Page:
Wednesday, June 24, 2015

In a defeat of the Los Angeles Dodgers, a Chicago Cubs fan caught a foul ball one-handed while holding and feeding his baby. And yet the same fan cannot grasp the concept of the Cubs going to the World Series. 

In a sad and ironic twist, the baby's name is Dodger. 

President Obama shouted down a heckler because it was at a White House invitation-only gathering. As a comedian, here is my guideline: If you have ever heckled anyone anytime anywhere? You’re an a-hole.

In Southern California, 66 surfers set a world record for most people surfing on a single board. In addition, they broke the existing record for amount of times saying the word dude.

Since you asked:

Recently I have been painfully reminded of one of my first “Oh no, life is going to be tougher than I thought” moments.

When I was ten, it was 1968 in Winnetka, Illinois. That is the upper-middle class, bucolic town featured in most of John Hughes movies, including all the “Home Alones.” (We lived in a beautiful, but more modest three-bedroom brick house literally across the railroad tracks on the “rough” side of town)

In 1968 Winnetka, you could ride a bike – without a helmet of course – and park it without locking it and not give a second thought to your bike being stolen. It never even occurred to me to buy and carry a lock.

One beautiful Saturday early summer evening, I emerged from the movie theater in the Winnetka Community House from a matinee showing of a John Wayne movie. Squinting from the bright sunlight, I saw what my eyes could not believe: my red Schwinn Stingray was gone.

 It simply was not there in the bike rack.

For the first time in my life, I was overcome with shock, disbelief and horror. This has to be a mistake, I thought. So I ran over my route to and from the Community House to my house – about a half a mile – five or six times, screaming and crying while searching for it.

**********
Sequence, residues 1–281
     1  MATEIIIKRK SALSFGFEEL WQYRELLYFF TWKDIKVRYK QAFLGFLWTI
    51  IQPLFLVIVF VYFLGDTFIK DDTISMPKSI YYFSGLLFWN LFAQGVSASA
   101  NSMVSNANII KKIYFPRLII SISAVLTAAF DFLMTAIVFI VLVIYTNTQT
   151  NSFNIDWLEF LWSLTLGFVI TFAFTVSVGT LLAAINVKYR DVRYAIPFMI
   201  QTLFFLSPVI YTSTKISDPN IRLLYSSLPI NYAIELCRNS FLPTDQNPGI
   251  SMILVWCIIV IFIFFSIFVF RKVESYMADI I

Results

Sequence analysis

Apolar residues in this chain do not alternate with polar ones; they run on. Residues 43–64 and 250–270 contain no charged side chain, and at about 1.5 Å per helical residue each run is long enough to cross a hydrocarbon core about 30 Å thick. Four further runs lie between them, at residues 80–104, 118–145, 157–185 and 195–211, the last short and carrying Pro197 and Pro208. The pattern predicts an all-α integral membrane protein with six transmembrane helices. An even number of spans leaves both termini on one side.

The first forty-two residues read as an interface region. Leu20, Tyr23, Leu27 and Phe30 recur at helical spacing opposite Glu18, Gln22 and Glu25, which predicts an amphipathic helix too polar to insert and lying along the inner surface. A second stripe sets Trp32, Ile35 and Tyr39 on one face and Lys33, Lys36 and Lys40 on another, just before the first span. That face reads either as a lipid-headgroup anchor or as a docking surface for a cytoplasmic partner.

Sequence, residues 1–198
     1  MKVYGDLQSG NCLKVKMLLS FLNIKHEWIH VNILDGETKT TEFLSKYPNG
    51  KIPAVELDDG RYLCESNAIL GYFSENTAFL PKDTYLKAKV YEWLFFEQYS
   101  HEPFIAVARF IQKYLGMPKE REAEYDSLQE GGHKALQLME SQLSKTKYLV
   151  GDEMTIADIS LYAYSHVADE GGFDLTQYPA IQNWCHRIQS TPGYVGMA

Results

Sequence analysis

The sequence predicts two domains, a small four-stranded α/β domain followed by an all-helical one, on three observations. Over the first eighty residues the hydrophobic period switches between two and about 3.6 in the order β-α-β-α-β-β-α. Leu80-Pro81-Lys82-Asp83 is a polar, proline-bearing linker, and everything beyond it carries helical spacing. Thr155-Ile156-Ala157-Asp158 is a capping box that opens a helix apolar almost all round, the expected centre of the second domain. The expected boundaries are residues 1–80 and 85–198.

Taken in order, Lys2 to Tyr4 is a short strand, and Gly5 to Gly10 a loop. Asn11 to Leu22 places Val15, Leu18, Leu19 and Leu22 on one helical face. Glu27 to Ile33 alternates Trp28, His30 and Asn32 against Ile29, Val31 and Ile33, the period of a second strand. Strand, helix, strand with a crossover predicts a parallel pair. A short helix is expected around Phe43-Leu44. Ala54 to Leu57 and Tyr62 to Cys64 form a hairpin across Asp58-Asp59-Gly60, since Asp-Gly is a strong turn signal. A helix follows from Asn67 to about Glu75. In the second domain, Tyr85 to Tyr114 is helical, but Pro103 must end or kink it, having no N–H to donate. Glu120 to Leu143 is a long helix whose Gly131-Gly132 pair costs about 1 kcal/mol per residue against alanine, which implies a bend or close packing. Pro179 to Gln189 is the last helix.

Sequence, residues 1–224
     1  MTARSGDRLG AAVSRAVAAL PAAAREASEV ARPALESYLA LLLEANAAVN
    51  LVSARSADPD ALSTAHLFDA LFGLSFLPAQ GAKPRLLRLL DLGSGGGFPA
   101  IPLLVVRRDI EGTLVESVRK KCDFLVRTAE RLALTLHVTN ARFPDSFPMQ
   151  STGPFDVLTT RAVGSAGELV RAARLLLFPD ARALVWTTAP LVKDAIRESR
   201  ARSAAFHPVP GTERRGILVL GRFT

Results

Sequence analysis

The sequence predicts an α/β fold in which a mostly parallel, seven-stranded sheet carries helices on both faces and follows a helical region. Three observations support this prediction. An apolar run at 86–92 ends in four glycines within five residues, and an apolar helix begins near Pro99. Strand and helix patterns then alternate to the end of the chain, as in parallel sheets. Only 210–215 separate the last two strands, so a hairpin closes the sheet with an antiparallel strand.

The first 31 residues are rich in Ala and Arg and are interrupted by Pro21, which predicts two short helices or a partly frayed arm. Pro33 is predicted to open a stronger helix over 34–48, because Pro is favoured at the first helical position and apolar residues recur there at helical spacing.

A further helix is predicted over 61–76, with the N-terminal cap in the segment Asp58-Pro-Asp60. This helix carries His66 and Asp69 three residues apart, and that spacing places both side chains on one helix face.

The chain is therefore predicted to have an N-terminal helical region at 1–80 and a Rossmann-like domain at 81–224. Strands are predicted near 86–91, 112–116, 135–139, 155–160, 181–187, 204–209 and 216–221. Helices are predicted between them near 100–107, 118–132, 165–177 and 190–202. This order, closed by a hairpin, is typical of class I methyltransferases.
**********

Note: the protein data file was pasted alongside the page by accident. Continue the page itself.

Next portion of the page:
In one instant, my single most important possession, as well as my only source of transportation, was gone. Not only was it gone, but the person who stole it was the one riding it. How could one human being do that to another human being? Don’t they know how much I loved that bike?

Because I had just seen a Western, I remember thinking this is why they shot horse thieves in the days of the Wild West.

My recent experience with litigation feels like I am dealing with the kind of kids who stole bikes as kids.

Only now they have graduated to stealing my jokes.

(In a side note. Although I never got the bike back, the identity of the thief was revealed to me. It was the same guy who bullied me when I was seven and he was nine, John Carney. The same John Carney who, when I was 16 and he was 18, I punched in the stomach so hard I nearly sent him to the hospital)


The old joke is the only qualification required to judge comedy is a birth certificate. Having said that, criticism hurts. Most of the time I can tell myself most of my critics are humorless and sad types. Because it is mostly true. Who else goes out of their way to tell someone, who is trying to make them laugh, they suck?

But when you are told your jokes are bad - and not just bad, but so bad they are not good enough to steal – from the head writer of one of your top comedy idols? 

Well that hurts beyond description.